MPs will investigate energy drink consumption by young people after a study found UK teenagers were consuming more than their European counterparts.
One of the questions the Science and Technology Committee’s inquiry will look at is whether a voluntary ban on sales of energy drinks to under-16s by major supermarkets should be extended to convenience stores.
A study by the Centre for Translational Research in Public Health found young people in the UK consumed more energy drinks than those in other European countries, and that UK consumption rose by 185% from 2006 to 2015.
A report by the European Food Safety Authority found that 68% of those aged 10 to 18, and 18% of those aged three to 10, were consumers of energy drinks.
Norman Lamb MP, chair of the Science and Technology Committee, said: “We know that young people in the UK are the biggest consumers of energy drinks in Europe for their age. We need to understand how the caffeine and sugar in energy drinks might cause negative health outcomes. Meanwhile, some retailers have chosen to ban their sale, and some have not.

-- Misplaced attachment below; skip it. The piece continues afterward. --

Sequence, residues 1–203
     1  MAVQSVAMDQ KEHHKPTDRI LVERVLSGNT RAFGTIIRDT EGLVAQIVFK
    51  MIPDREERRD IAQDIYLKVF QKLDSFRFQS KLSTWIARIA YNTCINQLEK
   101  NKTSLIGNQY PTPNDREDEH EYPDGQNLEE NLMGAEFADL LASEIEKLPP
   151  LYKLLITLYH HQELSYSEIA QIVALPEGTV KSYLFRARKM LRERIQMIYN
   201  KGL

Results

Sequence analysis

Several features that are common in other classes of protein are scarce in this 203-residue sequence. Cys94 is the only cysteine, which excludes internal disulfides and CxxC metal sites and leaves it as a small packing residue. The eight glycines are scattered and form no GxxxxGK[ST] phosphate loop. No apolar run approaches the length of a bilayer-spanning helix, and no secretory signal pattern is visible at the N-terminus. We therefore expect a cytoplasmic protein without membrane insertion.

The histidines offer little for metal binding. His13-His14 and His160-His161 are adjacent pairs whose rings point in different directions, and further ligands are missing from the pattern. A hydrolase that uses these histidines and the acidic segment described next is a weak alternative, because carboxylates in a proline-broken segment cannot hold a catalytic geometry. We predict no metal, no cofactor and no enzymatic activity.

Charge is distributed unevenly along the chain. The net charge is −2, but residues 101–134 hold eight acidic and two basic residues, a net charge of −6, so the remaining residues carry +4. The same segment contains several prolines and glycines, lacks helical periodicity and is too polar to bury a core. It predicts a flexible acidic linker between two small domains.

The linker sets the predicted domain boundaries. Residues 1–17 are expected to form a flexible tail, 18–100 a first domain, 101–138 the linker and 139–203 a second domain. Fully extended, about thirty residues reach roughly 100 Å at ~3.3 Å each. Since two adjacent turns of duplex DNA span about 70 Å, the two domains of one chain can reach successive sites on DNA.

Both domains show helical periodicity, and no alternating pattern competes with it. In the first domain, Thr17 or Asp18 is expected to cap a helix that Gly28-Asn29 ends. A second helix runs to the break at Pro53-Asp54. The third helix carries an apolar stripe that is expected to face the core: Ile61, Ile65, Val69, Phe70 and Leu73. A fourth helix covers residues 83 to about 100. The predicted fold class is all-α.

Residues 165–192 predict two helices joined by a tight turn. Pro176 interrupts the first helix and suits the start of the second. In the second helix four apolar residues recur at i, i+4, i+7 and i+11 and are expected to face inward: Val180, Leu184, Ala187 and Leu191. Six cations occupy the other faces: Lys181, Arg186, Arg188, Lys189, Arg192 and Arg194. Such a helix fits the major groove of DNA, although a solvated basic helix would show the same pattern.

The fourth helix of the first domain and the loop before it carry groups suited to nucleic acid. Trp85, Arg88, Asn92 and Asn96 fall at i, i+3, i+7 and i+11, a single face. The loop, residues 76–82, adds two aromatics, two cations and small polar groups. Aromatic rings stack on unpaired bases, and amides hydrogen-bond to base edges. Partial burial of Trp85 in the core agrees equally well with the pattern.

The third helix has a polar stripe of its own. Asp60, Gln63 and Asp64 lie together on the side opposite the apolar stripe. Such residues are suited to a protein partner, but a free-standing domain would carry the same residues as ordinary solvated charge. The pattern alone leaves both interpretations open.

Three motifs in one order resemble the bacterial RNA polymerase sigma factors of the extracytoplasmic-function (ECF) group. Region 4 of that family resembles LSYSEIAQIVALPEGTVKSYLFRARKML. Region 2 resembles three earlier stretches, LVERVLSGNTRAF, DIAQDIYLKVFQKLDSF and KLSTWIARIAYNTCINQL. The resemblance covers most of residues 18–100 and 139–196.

“Should it be for retailers to decide which products can be sold on health grounds? Our inquiry will consider the evidence and set out what needs to be done by the government, the industry and others.”
EFSA estimates that an adult can consume up to 200mg of caffeine without adverse health effects. A Durham University study has highlighted that for children, EFSA’s guideline limit is exceeded by a single can of some energy drinks.